Huangshan Maofeng green tea (Camellia sinensis (L.) O. Ktze) is used as the sample in the present study. The green tea samples are provided from West Huangshan Tea Manufacturer (Huangshan, Anhui, China). According to the manufacturer, the fresh green tea leaves after harvest are immediately fixed using the thermal treatment to prevent green tea leaves from fermentation under the standard operating procedure of the green tea production. Afterwards, the green tea leaves are dehydrated to a moisture content below 5.73%, and then the dehydrated green tea leaves (9.0 kg) are immediately packed in 50 g/aluminum foil zip-lock bag with vacuum.
These green tea samples are randomly divided into 5 groups and stored at −20°C, 4°C, 20°C, 30°C, and 40°C. The stored green tea samples at −20°C can be considered as fresh tea, and the stored green tea samples at 20°C, 30°C, and 40°C, are prepared for the Q10 method and WHA in ASLT. The freshness duration of the stored green tea samples at 4°C will be evaluated and predicted.
Folin-Ciocalteu reagent was purchased from Beijing Solarbio Science & Technology Co., Ltd. (Beijing, China). (+)-Catechin (C), (-)-epicatechin (EC), (-)-epigallocatechin (EGC), (-)-gallocatechin (GC), (-)-epicatechin gallate (ECG), (-)-gallocatechin gallate (GCG), EGCG, and GA were purchased from Sigma-Aldrich (St. Louis, MO, USA). HPLC grade methanol and acetonitrile were a product of Tedia Co., Ltd. (Fairfield, OH, USA).
2.2. Establishing Nine-Point Scale by Sensory Evaluation
A sensory evaluation is carried out in a panel room with constant temperature (25°C) and humidity (75%) in the State Key Laboratory of Tea Plant Biology and Utilization, Anhui Agricultural University. Each tea sample (3.0 g) stored at 20°C, 30°C, and 40°C is extracted with 150 mL of boiling water for 4 min. The tea appearance and the color, aroma, and taste of tea infusion are compared with the fresh control tea leaves (stored at −20°C). A total of 6 profession panelists (a man and five women) are asked to describe their difference, from which the nine-point scale will be established according to a published method  with minor modifications. The overall tea sensory quality, including the appearances of tea leaves, the tea infusion color, aroma, and taste with weight coefficients of 30%, 20%, 30%, and 20%, respectively, has been evaluated by weighted sum method.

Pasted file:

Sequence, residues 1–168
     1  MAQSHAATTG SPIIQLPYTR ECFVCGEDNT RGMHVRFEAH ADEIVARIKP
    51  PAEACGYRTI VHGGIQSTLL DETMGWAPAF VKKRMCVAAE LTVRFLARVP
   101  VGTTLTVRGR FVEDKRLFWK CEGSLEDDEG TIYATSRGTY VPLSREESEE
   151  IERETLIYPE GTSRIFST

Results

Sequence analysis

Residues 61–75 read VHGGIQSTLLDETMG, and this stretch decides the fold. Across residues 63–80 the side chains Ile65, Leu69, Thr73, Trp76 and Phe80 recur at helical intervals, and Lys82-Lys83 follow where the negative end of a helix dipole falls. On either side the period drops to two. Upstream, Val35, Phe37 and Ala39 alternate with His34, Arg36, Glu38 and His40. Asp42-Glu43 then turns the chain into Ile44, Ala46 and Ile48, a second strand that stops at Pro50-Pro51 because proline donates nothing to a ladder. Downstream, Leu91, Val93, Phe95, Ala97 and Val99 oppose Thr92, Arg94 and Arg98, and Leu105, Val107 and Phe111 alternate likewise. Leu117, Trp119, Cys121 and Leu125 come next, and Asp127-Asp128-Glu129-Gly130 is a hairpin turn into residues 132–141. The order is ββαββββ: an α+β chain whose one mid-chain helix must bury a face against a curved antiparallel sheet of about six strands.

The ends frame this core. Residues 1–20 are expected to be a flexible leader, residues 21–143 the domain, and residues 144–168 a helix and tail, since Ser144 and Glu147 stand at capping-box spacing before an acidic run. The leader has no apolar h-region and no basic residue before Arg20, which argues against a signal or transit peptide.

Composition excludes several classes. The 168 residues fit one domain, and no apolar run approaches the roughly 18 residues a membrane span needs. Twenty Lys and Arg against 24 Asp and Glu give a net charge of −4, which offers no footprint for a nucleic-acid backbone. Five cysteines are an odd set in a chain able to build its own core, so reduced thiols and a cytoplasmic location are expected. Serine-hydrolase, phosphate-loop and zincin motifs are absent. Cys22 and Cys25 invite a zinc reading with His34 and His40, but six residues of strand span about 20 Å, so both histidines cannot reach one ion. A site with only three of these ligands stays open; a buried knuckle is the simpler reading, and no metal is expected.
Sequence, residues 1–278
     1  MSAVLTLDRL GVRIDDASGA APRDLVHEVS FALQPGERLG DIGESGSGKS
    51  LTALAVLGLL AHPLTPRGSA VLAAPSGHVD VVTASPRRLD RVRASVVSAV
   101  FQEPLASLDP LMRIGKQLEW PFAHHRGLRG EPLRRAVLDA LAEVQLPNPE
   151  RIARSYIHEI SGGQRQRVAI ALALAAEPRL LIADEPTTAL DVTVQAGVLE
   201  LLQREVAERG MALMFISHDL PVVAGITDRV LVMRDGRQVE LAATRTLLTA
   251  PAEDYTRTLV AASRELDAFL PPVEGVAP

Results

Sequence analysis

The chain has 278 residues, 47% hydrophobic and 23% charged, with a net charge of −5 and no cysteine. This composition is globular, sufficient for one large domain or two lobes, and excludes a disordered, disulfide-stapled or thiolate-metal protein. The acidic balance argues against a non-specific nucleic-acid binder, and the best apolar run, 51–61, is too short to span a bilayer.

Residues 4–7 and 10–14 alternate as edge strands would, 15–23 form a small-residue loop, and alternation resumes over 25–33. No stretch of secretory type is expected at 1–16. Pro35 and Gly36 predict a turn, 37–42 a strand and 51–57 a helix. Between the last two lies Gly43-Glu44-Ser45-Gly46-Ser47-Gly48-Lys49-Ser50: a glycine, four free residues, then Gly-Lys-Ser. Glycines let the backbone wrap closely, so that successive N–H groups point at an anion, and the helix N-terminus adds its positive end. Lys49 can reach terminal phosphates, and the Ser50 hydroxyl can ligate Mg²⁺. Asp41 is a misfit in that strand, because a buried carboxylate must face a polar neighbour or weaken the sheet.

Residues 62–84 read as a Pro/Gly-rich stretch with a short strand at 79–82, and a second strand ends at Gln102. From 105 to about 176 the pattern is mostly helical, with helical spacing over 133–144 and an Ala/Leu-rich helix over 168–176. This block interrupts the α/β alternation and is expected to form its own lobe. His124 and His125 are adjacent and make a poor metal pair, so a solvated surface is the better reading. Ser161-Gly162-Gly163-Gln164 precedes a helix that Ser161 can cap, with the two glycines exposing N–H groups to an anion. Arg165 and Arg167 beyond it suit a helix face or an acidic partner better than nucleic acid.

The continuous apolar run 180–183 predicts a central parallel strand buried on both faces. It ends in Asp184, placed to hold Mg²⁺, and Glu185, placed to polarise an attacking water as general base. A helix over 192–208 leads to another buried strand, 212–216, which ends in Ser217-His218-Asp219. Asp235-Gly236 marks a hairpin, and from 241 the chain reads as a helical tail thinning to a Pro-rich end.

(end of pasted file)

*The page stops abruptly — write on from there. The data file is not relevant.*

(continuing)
2.3. Evaluating the FLGT by the Q10 Method
Q10 is defined as the temperature sensitivity of a reaction, which describes the increase of reaction (or growth) rate or the decrease of shelf life for a 10°C increase in temperature, and it is usually assumed to be constant over a narrow range of temperature. It has been used to predict quality or nutrient losses for many foods . Here, it is used to determine the FLGT of the green tea samples in ASLT. Q10 of the green tea samples can be calculated using the following equation :where T1 and T2 represent storage temperatures at 30°C and 40°C, respectively, and and are found to be the times when the tea samples stored at 30°C and 40°C lose their freshness according to the weighted score in the sensory evaluation, respectively.
2.4. Evaluating the FLGT by WHA
The WHA of these tea samples has been carried out according to a published method with minor modifications using the same panelists in tea sensory evaluation . A total of 10 panelists, 4 males and 6 females with an age range of 20 to 40 years, have the basic knowledge on the sensory evaluation and complete a 2-hour tea sensory evaluation training program. There are two panelists in the beginning of the sensory evaluation. In the process of sensory evaluation, if all the panelists accept the sample to be fresh, just one more panelist is added in the next sensory evaluation. If there are unacceptable attitudes, the number of unacceptable panelists was also extra added except the former one panelist in the following sensory evaluation . The panelists considered that all sensory attributes of the tea sample can be accepted by putting “✓” after the name of the tea sample; otherwise, they were marked with “✕,” and the sensory evaluation would be conducted every five days until more than 50% of the panelists thought the tea sample was unaccepted. Let denote a hazard value at time x obtained bywhere k is the reverse rank of failed products (rank k and are given by columns 1 and 3 in Table 1). For each failure time, xi, the cumulative hazard value is calculated by summing the hazard value and all preceding hazard values. The cumulative hazard can be obtained from the following equation: